History of Plantation Point
Waites Island, North Myrtle Beach

Reservations: 843-280-8887
6900 Little River Neck Rd
North Myrtle Beach, SC 29582


        The sound of surf kissing the sands of a private beach paradise. Majestic oaks still guarding the ghosts of soldiers who perished during the Civil War battle for Fort Randall.  Breathtaking views of salt marshes, southern forests with pine and dogwoods leading to calm, deep ribbons of water.

       Those are some of the sights, sounds, and adventures awaiting those who chose to enjoy a visit with Plantation Island Tours (the PIT).  Located at Tilghman’s Point in picturesque Little River Neck, the PIT is just a short drive from South Carolina’s Grand Strand beaches and the southern beaches of Brunswick County. The last few miles of drive over a dirt lane winding under a canopy of oaks, pine, maple, magnolia and other indigenous trees will whet your appetite for an experience like no other in the area. UTV (ultimate terrain vehicle) island tours, surf fishing, kayak tours, jet skiing, or eco tours are all available.  All tours are destination rides. 

       The PIT offers guests opportunities for enjoying beautiful Waities Island with your family and friends.  A personal guide will take you to the beach where you can enjoy surf fishing, picnicking on the strand or in the dunes, shell collecting, walking on the undisturbed beach or whatever relaxes you; no worry about overcrowding. Waities Island is 1,380 acres of privately owned and maintained “heaven on earth” for those who love the beach.  In the early 1800s William Waities began trading with the Siouan Indians that had used and inhabited the island for centuries.  Indian mounds have been found on the island that archaeologists have dated back to 600 A.D.   Come and enjoy views that few have seen or experienced.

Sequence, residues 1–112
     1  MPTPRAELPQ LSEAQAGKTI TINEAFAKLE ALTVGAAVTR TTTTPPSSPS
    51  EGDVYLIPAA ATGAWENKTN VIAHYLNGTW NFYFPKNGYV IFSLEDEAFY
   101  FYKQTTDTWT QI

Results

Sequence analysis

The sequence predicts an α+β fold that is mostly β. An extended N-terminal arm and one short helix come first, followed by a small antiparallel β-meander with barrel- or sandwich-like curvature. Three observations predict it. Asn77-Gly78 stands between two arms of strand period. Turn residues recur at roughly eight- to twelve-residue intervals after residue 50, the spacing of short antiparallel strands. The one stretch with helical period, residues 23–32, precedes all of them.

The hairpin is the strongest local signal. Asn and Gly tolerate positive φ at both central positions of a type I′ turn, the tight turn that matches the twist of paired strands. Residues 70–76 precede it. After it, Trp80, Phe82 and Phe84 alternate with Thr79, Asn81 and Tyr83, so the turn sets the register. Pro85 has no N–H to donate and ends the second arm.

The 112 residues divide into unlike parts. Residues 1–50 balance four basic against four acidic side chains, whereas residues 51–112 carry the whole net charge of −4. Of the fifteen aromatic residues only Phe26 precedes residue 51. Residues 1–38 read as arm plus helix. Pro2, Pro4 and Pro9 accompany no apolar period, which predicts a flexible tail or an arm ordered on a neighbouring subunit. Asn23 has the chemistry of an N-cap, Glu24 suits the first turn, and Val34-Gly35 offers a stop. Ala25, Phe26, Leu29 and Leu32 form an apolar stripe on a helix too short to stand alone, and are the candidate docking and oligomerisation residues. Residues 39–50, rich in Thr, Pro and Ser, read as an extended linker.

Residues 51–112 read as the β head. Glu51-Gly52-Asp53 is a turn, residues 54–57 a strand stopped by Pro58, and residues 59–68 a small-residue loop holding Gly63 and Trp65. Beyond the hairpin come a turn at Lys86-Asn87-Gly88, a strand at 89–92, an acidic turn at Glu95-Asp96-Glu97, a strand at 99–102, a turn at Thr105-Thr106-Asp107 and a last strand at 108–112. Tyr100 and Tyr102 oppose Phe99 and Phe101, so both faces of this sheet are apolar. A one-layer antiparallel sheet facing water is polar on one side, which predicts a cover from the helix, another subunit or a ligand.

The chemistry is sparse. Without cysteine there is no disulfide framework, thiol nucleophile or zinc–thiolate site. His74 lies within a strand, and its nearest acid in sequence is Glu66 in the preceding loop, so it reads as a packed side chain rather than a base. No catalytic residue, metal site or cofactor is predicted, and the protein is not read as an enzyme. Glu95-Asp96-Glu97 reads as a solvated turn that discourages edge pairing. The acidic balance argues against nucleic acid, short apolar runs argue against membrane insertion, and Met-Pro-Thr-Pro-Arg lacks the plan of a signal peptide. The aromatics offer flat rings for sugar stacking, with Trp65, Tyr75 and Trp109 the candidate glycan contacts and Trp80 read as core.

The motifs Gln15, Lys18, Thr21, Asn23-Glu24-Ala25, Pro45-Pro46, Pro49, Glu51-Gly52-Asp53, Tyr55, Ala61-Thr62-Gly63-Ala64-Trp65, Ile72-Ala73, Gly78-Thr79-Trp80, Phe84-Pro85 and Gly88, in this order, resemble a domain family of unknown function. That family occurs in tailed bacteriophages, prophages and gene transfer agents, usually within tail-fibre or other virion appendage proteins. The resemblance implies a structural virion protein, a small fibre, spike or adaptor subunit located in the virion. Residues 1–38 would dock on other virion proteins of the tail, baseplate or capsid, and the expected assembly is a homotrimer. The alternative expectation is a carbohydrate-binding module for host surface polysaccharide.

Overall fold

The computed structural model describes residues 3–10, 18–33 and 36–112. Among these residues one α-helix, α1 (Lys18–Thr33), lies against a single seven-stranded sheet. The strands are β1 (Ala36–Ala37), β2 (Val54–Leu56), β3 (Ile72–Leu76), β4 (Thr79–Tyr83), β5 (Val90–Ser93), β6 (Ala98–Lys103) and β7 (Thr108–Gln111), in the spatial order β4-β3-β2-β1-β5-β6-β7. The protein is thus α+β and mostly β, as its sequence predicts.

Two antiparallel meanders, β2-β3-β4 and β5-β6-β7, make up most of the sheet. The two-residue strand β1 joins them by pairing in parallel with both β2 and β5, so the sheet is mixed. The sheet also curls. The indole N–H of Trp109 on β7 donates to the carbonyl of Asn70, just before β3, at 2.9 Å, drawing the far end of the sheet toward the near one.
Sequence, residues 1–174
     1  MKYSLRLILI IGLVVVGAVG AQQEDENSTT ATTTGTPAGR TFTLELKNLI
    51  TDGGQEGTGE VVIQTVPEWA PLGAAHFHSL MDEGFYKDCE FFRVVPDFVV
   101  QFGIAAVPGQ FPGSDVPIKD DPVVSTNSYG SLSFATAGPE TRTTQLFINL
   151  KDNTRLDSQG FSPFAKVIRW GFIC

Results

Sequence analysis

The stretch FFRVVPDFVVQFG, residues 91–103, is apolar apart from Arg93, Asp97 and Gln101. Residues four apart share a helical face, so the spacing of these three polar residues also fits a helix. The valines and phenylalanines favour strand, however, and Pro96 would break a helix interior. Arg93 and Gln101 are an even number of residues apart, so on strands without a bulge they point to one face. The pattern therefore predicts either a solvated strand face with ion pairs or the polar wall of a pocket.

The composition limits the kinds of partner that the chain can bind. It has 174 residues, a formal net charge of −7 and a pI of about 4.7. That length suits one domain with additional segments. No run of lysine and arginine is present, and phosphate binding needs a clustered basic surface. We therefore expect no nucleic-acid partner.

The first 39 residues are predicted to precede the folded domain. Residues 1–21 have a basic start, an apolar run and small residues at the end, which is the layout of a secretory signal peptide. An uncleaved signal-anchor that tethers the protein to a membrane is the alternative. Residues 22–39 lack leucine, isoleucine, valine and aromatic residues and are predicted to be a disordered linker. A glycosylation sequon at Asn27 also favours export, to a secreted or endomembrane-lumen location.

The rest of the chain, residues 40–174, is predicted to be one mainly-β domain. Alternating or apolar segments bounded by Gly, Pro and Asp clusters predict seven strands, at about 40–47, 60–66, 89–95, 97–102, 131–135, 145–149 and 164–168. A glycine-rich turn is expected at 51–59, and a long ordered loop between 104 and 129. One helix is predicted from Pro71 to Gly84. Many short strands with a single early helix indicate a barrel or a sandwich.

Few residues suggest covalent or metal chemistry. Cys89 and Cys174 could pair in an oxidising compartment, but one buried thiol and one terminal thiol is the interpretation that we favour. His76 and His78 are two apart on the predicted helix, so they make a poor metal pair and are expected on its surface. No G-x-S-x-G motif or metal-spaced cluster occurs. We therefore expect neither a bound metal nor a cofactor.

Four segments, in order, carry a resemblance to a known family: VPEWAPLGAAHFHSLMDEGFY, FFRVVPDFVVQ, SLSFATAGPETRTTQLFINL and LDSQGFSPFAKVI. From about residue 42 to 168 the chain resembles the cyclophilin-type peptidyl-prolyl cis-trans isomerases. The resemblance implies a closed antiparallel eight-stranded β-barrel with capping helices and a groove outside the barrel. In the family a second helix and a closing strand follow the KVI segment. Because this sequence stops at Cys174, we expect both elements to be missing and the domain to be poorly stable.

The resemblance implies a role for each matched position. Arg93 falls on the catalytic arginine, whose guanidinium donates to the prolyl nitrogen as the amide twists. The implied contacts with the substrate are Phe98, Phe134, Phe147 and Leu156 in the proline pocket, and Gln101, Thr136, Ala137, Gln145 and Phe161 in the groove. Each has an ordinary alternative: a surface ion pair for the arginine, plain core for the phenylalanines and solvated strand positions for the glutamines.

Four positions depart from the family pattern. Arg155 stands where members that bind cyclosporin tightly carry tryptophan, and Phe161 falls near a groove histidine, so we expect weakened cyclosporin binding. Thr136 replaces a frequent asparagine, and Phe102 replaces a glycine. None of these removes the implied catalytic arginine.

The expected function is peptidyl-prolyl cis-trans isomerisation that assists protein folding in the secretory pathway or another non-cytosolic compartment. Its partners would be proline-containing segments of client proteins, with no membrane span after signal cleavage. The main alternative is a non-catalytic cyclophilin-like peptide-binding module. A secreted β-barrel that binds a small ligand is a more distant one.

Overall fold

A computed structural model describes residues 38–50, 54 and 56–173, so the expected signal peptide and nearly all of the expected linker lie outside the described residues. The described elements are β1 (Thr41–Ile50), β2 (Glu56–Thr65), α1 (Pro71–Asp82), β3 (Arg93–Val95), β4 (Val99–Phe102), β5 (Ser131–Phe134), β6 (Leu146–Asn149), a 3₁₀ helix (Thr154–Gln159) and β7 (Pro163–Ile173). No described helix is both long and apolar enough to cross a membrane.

Tours also include a trip into the past as you view the site of Fort Randall.  Fort Randall was not a walled structure like you see in Western movies, but a battery consisting  of an approximately 10’ broad x 5’ deep ditch with parapet and a blockhouse with openings  so that the defenders could  fire without being exposed. It was also armed with two 6-pounder cannons.  Its defenders were charged with protecting the coastal area from Union invasionand providing a safe haven for blockade runners that were bringing in needed provisions.

       Fort Randall was captured briefly in 1863 by a Yankee naval landing party, but the Boys in Grey launched a fierce counter attack and drove the invaders out. There are some who swear that the ghost of a Yankee soldier still walks the grounds hoping to find his way home with his retreating Blue Coats.  Until just the last few years a cannonball was lodged in one of the trees on the high bluff overlooking the inlet. Some accounts suggest the Point area was no stranger to war, having been part of the area where 9,000 Revolutionary War soldiers, including the legendary Swamp Fox, Francis Marion, camped during 1776.

       The Fort Randall site is only a part of a 10,000 acre plantation purchased by the Tilghman family in the 1920s.  It has long provided private residence for members of the Tilghman family, developers of Tilghman beach and numerous other businesses. The family has nearly 4,000 acres largely in its natural state. That commitment to preservation of this coastal eco-system is a boon to those who want to explore its beauty on one of the PIT’s eco-tours or glide quietly through its waters in a kayak.  Song birds fill the air with music in the forests and on the beach; native wild animals roam through the undeveloped bit of paradise.

       “In order to keep the Plantation as natural as possible for as long as possible, the number of excursions are limited daily.  So make your plans now to come share with us one of the “Best Kept Secrets” on the Grand Stand,” .